Motivated by a desire to better understand his home watershed, Jordan Rowell recruited two friends – Duane Peterson and Ryan Malle – to film his two-week kayaking trip along the 120-mile length of Lake Champlain. Along the way, they stopped to talk to a range of people about the lake’s future.
The result of that journey, the documentary “No Other Lake,” is now screening at various locations across Vermont and New York. We talked with Jordan about what motivated him to embark on this journey and how it changed his view of his hometown lake.
What was the impetus behind this project?
I’ve always been interested in the outdoors – hiking, mountain biking, camping, and rock climbing. I’d been working as a trail builder and in other conservation work when I decided to go back to school at the University of Vermont.
The first class I took was about natural history and human ecology, focusing on the environment of Vermont. It covered some of the environmental challenges here in Burlington, and Lake Champlain really took center stage. Hearing about cyanobacteria blooms, invasive species, and other issues opened my eyes to what’s happening with Lake Champlain.
What was particularly interesting was that our professors brought in different people and stakeholders to talk about these issues. We had farmers, we had wildlife advocates, and we had people from the Abenaki community. And everyone was telling us their side of the story.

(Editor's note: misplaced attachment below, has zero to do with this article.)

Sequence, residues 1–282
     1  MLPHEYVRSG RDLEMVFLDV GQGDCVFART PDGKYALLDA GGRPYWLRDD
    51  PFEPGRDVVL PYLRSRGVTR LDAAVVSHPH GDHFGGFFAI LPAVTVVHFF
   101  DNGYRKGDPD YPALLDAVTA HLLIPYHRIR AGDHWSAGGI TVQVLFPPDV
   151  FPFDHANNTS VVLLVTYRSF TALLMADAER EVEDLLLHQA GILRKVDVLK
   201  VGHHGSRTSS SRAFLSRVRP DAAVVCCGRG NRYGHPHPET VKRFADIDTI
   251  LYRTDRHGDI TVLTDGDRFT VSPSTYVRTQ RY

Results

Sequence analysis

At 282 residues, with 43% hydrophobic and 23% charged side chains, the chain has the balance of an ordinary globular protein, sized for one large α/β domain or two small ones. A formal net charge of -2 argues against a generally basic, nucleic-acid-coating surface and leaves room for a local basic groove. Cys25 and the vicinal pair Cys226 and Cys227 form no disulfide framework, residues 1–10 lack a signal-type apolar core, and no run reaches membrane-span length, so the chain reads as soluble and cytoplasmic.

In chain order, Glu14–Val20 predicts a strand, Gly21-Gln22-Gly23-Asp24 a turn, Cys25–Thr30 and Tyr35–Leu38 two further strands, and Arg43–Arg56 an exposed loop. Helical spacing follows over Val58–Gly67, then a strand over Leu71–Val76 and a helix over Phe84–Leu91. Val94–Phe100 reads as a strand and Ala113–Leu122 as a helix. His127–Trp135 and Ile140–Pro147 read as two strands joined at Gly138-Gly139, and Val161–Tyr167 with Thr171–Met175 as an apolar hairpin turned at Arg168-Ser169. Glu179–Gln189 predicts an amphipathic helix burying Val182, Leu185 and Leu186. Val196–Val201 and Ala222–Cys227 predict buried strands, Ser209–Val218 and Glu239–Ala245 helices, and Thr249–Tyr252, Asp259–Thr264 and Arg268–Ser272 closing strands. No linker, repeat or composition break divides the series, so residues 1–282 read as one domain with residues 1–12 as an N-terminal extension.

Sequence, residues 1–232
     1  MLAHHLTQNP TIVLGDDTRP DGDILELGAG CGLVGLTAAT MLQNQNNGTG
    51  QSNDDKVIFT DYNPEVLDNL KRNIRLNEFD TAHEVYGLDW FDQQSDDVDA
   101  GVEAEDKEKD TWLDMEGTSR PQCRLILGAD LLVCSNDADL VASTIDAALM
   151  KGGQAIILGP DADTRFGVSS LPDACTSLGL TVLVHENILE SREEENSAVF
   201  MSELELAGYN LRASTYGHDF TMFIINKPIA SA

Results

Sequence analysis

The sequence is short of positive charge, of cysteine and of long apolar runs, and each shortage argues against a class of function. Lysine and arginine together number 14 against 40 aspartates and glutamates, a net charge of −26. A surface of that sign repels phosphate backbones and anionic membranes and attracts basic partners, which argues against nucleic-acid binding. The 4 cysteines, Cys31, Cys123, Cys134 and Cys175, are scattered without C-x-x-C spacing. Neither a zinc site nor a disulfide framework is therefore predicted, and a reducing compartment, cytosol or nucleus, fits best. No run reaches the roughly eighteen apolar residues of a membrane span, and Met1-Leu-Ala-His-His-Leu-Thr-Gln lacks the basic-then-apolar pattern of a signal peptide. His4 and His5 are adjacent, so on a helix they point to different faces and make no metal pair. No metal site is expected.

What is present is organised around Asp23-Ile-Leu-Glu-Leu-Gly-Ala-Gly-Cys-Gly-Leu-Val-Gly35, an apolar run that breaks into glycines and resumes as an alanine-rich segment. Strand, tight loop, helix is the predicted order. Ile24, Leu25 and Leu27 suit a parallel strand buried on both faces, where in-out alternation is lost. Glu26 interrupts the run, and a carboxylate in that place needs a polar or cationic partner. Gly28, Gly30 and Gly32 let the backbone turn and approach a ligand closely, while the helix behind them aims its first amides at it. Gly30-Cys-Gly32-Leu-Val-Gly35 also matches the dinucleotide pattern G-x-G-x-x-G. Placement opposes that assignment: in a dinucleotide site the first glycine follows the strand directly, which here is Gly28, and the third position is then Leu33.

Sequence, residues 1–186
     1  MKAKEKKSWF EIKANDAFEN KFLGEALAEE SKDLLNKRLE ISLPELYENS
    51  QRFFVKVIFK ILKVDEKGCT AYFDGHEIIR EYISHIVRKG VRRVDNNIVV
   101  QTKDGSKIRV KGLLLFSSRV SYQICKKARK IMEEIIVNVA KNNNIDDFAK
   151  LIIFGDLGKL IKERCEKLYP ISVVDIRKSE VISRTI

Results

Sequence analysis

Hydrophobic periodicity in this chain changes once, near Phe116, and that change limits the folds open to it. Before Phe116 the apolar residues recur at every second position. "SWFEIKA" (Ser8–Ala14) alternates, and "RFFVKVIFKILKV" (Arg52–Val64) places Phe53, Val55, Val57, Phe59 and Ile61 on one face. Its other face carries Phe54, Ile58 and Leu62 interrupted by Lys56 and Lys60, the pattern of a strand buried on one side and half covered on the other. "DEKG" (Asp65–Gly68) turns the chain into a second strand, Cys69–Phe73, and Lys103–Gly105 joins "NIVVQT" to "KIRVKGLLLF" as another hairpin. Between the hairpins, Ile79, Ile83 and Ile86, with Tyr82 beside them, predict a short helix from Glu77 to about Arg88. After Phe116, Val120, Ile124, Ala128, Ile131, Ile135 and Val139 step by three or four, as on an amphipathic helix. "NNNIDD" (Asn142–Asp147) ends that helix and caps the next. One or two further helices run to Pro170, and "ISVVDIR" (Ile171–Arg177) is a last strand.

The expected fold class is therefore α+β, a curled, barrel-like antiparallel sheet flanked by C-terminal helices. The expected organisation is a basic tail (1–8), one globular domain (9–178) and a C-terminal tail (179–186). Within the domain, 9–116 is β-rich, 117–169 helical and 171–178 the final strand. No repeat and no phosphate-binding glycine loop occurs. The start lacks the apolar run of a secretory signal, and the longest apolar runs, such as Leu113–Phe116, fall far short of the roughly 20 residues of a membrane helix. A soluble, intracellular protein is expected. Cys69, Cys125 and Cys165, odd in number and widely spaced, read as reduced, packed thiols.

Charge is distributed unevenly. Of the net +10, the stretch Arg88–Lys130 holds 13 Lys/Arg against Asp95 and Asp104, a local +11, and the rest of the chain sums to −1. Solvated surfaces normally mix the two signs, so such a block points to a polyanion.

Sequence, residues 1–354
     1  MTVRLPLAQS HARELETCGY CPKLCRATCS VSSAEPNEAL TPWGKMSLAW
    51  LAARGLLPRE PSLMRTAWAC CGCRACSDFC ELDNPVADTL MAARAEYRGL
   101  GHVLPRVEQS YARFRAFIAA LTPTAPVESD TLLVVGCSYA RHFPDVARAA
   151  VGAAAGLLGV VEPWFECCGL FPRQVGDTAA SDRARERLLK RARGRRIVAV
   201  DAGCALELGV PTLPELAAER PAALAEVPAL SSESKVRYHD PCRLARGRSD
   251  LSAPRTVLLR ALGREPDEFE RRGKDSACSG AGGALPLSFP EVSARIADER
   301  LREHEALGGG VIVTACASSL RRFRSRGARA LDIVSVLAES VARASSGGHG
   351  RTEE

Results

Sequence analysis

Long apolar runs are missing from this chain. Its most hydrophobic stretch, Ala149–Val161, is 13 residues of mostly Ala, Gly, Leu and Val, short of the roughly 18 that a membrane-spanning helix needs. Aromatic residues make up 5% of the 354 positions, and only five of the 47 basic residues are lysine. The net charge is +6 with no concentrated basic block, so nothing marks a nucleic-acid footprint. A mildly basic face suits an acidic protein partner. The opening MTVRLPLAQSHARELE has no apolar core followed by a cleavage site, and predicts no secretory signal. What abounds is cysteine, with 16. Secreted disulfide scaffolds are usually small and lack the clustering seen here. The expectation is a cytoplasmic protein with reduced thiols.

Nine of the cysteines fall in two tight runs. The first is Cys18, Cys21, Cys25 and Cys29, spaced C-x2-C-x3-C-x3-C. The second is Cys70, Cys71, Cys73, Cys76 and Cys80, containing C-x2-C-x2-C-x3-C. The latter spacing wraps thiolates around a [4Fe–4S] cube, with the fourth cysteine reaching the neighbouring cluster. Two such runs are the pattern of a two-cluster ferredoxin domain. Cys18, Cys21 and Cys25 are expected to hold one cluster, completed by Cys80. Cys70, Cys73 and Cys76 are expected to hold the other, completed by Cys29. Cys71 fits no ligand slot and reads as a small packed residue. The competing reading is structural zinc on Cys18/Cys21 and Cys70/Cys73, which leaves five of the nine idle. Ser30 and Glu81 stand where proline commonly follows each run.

So I had this idea: Wouldn’t it be cool to recreate this experience for people and turn it into a film where you heard different points of view about what’s happening to Lake Champlain and what we should do about it? I tied it into my interest in outdoor recreation. I thought going on an adventure on the lake would make the film more interesting.
You grew up near Lake Champlain. How did your view of the lake change through the making of this film?
What it’s all been about is connection. I didn’t realize it, but the lake had always just been something pretty to look at for me. It was always very two-dimensional. As a kid, I would stand on the waterfront with my grandmother and eat French fries at Splash, but I never immersed myself in the lake.
You think about Vermont’s mountains – they’re more accessible, right? I have this deep pride over Camel’s Hump because I’ve spent so much time hiking its different trails and standing at the summit. It’s a cool experience to be down in the valley or a town and look up at its summit and think, “I know what it’s like up there.” I never had that with Lake Champlain because I didn’t have a boat growing up. I never really felt like it was a place for me. Getting out on the lake for this film, I realized, “Oh my gosh, this is a place for me.”
You don’t realize how your perspective is constantly changing until you’re on the water. If you paddle out in the middle of the lake, you feel like you’re at the bottom of a bathtub because you’ve got these big rims of mountains with the Adirondacks on one side and the Green Mountains on the other.
But then, as you paddle along the shore, it’s a much more intimate experience. Every few paddle strokes, the perspective changes, and you see something new. In the woods, you can’t see a lot of the wildlife — they’re hiding. On the lake, there are birds everywhere, and fish are jumping out of the water all the time. So that was the biggest thing for me: Now, the lake feels like a place you can experience, not just a pretty picture.